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Friday, June 14, 2024

Student studying abroad sometimes return to reverse culture shock

After eight weeks of drinking filtered water from plastic bags and showering in river water, Chipper Flaniken still feels weird drinking from a tap.

For the majority of his summer, the 20-year-old UF junior traveled through famine-struck areas of rural Ghana on a mission trip.

If he was lucky, he slept on the bare floor of a mud hut. If not, he slept in a sleeping bag in the African brush.

When the country?s dirt roads were in too bad of a condition to navigate by bus, Flaniken and his group marched for miles through creeks and tall grass to reach their destination.

Back in the United States, Flaniken can?t curb his frustration with America?s rushed society.

BIf things are off by five minutes, people just freak out and panic,C he said. BYou should really see how the rest of the world is living. We are blessed to be able to make a schedule.C

For students who leave Gainesville for the summer, transitioning back into college life can be overwhelming.

But Flaniken and other students who traveled to developing countries for summer break return with a new attitude toward college life and American culture.

Reverse culture shock is not uncommon among students who return to the United States after studying abroad, said Susanne Hill, coordinator of Study Abroad Services at the UF International Center.

While dealing with re-entry issues, most students come back with a greater appreciation for other cultures and a better global understanding, she said.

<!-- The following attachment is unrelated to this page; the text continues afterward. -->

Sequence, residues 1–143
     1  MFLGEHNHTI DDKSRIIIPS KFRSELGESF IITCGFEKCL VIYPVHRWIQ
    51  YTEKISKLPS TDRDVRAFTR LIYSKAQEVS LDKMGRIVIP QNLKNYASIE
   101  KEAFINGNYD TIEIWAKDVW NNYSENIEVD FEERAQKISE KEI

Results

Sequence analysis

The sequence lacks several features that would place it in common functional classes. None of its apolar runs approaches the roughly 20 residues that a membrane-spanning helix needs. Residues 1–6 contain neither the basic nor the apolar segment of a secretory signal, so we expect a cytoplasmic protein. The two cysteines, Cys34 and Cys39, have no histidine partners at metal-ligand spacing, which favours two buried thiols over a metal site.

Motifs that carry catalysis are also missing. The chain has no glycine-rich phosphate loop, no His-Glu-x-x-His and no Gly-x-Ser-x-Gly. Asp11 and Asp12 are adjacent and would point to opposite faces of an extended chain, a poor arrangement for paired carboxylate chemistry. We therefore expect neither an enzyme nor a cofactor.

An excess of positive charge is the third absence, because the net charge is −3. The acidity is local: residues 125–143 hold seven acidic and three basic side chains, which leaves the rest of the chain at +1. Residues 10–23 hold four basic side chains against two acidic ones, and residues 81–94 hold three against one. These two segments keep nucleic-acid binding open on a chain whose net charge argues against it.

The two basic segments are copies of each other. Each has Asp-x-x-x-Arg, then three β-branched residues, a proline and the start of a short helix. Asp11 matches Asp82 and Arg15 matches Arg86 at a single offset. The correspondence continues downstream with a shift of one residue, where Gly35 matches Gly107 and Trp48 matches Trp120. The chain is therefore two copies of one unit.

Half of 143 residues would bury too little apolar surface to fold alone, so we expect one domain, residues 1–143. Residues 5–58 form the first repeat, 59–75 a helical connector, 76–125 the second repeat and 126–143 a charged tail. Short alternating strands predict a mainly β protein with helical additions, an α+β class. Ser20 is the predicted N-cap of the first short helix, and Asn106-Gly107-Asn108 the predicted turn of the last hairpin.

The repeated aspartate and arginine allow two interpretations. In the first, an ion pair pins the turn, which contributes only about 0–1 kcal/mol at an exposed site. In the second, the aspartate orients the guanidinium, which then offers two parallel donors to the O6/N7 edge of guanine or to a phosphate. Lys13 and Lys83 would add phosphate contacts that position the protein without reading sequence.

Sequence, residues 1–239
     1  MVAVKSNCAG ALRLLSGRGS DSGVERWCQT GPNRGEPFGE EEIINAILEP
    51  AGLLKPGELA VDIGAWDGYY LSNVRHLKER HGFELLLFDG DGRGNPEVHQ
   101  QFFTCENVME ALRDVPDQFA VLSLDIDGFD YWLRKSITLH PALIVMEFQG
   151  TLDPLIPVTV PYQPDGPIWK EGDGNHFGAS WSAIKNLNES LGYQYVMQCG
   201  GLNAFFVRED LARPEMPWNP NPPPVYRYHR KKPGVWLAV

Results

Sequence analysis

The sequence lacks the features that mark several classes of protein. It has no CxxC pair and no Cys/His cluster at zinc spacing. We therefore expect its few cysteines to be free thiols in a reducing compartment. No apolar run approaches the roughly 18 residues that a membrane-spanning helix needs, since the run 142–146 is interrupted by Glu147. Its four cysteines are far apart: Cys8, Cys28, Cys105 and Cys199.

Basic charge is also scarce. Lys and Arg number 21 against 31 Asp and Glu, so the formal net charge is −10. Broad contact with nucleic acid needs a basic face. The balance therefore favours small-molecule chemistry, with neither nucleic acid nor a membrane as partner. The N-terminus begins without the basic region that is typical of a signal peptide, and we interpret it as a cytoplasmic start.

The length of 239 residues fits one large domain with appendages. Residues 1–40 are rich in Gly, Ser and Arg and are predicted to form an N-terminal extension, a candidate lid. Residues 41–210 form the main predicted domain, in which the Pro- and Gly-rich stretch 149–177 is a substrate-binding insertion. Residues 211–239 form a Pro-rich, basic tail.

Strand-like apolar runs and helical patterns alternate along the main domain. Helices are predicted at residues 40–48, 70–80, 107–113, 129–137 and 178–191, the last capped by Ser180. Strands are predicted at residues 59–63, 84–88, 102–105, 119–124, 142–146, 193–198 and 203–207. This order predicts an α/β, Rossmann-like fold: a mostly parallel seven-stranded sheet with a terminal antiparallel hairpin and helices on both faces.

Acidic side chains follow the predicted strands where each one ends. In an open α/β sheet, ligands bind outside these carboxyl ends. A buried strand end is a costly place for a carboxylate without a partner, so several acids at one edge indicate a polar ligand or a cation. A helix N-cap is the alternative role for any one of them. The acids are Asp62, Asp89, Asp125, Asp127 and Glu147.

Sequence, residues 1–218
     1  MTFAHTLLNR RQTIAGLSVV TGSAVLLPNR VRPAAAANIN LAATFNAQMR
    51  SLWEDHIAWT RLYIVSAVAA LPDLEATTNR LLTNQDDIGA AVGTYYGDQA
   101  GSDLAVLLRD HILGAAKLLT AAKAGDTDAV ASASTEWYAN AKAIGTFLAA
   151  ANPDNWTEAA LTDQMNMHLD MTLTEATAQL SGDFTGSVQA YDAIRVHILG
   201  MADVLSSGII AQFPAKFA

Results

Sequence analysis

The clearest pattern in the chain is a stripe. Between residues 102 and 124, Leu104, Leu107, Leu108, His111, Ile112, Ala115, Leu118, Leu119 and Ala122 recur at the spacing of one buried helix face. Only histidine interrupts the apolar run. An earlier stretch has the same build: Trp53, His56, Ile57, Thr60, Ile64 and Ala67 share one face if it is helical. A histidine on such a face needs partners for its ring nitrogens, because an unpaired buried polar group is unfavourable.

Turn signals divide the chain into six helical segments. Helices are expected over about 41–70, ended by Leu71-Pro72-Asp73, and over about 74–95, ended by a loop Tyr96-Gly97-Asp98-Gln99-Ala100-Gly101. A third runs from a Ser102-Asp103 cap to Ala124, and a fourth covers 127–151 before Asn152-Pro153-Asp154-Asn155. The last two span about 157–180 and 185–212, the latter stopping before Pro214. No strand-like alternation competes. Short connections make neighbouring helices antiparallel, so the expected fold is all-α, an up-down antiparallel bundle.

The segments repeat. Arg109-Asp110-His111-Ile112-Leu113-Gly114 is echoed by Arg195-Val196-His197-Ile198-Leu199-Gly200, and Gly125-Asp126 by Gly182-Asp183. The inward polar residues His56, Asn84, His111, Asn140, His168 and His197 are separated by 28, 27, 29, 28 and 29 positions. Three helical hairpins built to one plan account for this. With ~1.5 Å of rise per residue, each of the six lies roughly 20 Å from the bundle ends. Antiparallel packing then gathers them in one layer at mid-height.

UF?s campus is a far cry from the University of Zimbabwe?s Harare campus that Tina Steiger visited over the summer.

Steiger, a junior political science major, lived in the capital city of Harare for seven weeks while interning with MWENGO, a nonprofit organization that serves Eastern and Southern Africa.

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Zimbabwe?s once-thriving economy collapsed in June due to extreme inflation.

In addition to food and gasoline shortages, power outages and black-market transactions were commonplace, Steiger said.

While UF students enjoy Einstein Bros. Bagels and Starbucks coffee, Steiger said University of Zimbabwe students she met were lucky to have a piece of bread and tea for breakfast.

BIt would be inconsiderable for them to think a university would have flat-screen TVs,C she said, her eyes scanning the TVs lining the walls in the newly renovated Hub.

Zimbabwe?s hostile political atmosphere gave Steiger a new appreciation for freedom of speech. In July, 4,000 students were evicted from University of Zimbabwe?s campus after students protested a university decision to charge extra fees because the term was extended following a strike by lecturers, according to an article from the British Broadcasting Corp.

Flaniken and Steiger both said they are not the same people they were before going to Africa.

Flaniken, a marketing major, is gearing up for football season, intramural sports and a newly elected post as student president of Campus Crusade for Christ.

Humbled by his experience, Flaniken is determined to shift his priorities and focus on other peoples? needs before his own.

BAmericans work hard, they strive and put a lot of work into making America successful,C he said. BBut at the same time, it?s important to be a good steward of what you have.C

Steiger is enjoying reading uncensored newspapers and talking freely about politics in public places without the fear of being arrested.

Under President Robert Mugabe?s totalitarian dictatorship, Zimbabwean newspapers are censored and loaded with propaganda, Steiger said.

BYou could get arrested for anything,C she said. BSo many times I felt like I was in the book '1984.?C

Steiger said she is still amazed at how smoothly American society functions compared to Zimbabwe?s.

BSometimes I feel that we forget about how much we have,C she said. BThere are students out there who have it much harder than we do.C

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